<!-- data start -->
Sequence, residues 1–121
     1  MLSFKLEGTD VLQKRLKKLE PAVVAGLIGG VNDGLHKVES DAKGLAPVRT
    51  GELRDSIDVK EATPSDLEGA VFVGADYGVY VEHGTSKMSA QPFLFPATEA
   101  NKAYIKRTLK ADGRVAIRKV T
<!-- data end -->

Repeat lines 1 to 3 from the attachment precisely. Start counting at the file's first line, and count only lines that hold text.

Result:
Sequence, residues 1–121
     1  MLSFKLEGTD VLQKRLKKLE PAVVAGLIGG VNDGLHKVES DAKGLAPVRT
    51  GELRDSIDVK EATPSDLEGA VFVGADYGVY VEHGTSKMSA QPFLFPATEA